Still another object is to provide a novel gas lamp igniter which does not require any high current switching to take place but in which the igniter itself constitutes part of the circuit for providing supply voltage and operating current to the lamp after it has been ignited.

Another object is to provide a gas are lamp igniter which incorporates a unique, integral, transformer construction, so that the use of a coupling capacitor may be avoided thereby eliminating a separate coupling capacitor as has been required heretofore in the prior art.

Briefly, these and many other objects and advantages of this invention are attained by providing an igniting circuit adapted to be permanently connected between the lamp power supply and the terminals of the gas are lamp. The igniter circuit itself includes a voltage storage means connected to the storage means and is responsive to a ply. A voltage responsive switching means in turn is connected to the storage means and is responsive to a given voltage across the storage means. A transformer means is connected between the switching means and the output lines of the igniter passing to the gas arc lamp for generating a pulse of high voltage energy in response to discharging of the storage means through the switching means.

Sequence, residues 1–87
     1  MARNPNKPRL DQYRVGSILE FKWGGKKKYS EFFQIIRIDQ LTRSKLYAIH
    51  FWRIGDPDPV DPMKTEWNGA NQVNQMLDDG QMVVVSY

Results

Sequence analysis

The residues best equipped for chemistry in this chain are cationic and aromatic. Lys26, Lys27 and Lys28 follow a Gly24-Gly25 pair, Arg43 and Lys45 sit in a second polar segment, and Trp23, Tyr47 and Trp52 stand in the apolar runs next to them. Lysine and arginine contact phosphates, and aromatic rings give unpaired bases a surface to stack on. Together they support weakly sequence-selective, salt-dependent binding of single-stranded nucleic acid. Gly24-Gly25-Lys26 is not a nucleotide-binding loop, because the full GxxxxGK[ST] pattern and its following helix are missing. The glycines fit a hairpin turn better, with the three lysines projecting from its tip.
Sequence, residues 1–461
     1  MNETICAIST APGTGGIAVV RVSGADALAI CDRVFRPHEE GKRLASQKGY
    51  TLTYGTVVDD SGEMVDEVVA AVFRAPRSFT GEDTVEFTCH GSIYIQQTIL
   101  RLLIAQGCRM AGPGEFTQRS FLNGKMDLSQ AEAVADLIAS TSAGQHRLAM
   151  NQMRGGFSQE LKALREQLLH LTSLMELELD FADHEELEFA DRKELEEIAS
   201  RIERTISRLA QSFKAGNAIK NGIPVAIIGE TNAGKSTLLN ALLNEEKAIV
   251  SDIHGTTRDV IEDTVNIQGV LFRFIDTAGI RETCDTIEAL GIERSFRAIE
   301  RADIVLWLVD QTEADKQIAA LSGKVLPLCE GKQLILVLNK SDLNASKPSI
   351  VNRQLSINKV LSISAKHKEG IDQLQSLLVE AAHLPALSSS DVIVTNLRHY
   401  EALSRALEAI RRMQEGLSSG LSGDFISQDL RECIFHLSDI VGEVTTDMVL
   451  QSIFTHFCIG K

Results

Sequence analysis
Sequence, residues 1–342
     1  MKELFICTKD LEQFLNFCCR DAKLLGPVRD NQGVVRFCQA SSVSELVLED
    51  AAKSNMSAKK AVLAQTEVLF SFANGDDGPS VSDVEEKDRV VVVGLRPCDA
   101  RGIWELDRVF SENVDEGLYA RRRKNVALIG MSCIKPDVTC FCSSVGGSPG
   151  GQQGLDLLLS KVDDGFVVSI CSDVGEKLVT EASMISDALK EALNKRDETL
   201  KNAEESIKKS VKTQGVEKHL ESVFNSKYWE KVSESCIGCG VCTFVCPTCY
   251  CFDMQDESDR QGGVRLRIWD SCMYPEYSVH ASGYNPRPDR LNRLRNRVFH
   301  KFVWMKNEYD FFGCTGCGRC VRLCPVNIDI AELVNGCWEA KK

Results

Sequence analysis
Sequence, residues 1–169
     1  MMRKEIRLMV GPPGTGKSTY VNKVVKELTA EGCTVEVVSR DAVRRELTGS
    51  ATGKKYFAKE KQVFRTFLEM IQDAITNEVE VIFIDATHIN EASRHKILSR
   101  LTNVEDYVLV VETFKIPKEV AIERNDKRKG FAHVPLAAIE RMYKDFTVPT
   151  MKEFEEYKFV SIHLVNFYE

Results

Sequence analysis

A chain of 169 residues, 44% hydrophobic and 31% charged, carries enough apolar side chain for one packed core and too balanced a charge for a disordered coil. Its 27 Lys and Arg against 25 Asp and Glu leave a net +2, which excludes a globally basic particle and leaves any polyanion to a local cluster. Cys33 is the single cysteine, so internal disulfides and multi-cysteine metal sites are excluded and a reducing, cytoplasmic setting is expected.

The switching means, as stated, is designed to close only when a predetermined given voltage greater than the operating voltage of the gas lamp is stored in the storage means and is designed to open upon completion of the discharging of the storage means so that a pulse of high voltage energy is automatically periodically applied to the arc lamp by the transformer means until the lamp is operating.